5. As stated by many: TEL is bad for engines and people. My modern aircraft engine does not need lead and runs perfectly on 91 octane mogas, clean and efficient. If most FBO’s carried it I would be set. But 100LL seems to be the fuel de jour. When I have had to run 100LL (because it was the only fuel available) …….. plugs and cylinders with lead fouling and coating as well as dark oil even though I add a lead scavenger to the 100LL. GAMI and Swift put a lot of work into these fuels, get it done.

  6. I’ll prefer to run unleaded in my plane when it’s available for the sake of the plane.

    Lead is harmful to people but I don’t care about the miniscule amount emitted by our tiny GA fleet. It’s a big planet and the solution for pollution is dilution.

  7. And will we need a separate STC for each fuel? ie licenses to put gas in our airplanes?

    I am blessed to have an 80 octane high performance engine that has served me well over the decades. When 80 went away, 100LL was all that was left which didn’t run well in the engine. I did not need to buy an STC from Phillips or Avfuel to burn 100LL in my engine which was not designed for it.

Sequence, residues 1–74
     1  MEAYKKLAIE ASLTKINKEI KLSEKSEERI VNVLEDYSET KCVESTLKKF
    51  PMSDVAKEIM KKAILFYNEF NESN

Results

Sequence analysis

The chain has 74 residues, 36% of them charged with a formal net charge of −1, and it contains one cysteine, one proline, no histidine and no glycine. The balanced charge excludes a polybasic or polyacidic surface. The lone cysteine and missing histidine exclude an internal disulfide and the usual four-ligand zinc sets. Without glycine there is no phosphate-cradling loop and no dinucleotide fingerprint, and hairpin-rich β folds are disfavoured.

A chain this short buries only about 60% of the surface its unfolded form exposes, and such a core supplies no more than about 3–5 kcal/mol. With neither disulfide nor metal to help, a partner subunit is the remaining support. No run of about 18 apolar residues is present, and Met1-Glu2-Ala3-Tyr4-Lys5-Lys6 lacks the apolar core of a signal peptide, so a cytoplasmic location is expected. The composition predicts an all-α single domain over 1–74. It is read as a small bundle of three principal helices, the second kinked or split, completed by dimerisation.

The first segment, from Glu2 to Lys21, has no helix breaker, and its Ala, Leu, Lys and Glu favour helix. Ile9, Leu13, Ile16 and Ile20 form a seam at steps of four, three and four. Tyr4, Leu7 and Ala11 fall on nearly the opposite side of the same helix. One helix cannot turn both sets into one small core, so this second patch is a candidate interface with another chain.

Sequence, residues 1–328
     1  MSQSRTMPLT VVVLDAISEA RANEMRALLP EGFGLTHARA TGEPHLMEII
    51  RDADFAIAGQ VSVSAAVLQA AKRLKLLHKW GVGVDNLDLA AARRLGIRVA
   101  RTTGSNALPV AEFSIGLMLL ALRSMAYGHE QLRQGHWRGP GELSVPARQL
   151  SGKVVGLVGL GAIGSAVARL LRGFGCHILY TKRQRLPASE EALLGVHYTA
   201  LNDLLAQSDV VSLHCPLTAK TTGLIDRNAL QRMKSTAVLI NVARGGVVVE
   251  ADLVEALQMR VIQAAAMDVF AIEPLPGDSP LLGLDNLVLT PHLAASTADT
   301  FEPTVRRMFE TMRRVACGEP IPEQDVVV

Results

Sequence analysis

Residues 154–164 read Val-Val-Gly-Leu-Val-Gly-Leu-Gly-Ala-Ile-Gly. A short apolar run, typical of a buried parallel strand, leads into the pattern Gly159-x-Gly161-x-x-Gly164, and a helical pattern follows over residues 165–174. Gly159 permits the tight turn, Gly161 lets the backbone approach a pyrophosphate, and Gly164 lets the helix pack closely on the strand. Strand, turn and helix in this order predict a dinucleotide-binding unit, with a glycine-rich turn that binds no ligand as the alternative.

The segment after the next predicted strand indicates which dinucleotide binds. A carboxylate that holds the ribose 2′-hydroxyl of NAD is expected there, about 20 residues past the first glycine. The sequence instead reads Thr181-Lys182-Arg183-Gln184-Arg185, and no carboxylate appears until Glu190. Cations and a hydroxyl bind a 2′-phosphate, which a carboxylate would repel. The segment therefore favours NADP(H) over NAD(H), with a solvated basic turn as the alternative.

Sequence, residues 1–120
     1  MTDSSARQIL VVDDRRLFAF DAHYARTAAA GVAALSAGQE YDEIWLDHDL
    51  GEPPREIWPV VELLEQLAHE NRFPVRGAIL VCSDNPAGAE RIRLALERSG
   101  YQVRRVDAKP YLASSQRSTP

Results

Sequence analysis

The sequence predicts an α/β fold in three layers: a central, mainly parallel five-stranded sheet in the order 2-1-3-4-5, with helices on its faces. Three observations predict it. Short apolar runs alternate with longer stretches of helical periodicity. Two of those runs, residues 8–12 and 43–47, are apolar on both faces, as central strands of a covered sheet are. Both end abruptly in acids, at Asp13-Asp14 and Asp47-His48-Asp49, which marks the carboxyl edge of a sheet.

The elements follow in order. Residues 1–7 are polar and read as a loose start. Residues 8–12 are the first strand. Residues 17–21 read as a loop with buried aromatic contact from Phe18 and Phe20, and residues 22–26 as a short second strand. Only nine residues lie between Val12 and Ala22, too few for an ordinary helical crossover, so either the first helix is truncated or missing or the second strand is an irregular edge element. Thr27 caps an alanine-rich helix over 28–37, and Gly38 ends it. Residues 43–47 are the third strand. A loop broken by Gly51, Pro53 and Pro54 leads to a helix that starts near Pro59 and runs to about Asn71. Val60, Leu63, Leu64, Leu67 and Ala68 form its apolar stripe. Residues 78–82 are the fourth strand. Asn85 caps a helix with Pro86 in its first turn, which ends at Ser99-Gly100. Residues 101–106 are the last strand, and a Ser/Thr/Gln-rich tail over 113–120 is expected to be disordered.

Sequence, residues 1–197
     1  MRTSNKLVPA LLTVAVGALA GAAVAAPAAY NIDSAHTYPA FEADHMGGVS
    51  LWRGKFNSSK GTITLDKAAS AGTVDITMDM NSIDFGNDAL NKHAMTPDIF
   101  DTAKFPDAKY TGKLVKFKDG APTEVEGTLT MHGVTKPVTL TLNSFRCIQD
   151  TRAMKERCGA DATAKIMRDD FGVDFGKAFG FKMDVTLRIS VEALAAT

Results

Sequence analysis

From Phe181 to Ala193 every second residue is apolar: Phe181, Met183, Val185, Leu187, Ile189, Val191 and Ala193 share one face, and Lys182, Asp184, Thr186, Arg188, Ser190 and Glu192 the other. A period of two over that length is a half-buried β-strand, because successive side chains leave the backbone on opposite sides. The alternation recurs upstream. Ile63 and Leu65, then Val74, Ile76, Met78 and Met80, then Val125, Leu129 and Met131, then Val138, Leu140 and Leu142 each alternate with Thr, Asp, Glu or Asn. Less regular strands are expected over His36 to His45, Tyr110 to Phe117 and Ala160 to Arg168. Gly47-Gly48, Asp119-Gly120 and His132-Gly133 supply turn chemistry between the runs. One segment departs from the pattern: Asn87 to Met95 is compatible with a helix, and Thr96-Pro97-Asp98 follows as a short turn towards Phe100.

I got the Peterson Mogas STC at $1/hp or $230.
    Then Swift came out many years later at $103
    Now GAMI at $450

    That’s nearly a grand in STCs aka “fuel licenses.” From just three suppliers/fuels. I am assuming that all three will not be available at the airports I might need to use. If only swift fuel is available and all I have is the GAMI or the mogas stc? Then what? fork over a $103 to fill with Swift? or the Astronomical Inc’s 100UL is only available by the Astronomical ExtraCost STC @ $1200 to put it in the airplane plus the cost of fuel?

    This is ridiculous and everyone out there should see this. Mobil, BP, Cenex, Phillips, Marathon gasoline all meet or exceed certain federal transportation fuel standards and I can put each and every one of them in my car without buying a license for 5 suppliers to burn it. Why are we treating aircraft any different like it is completely unique?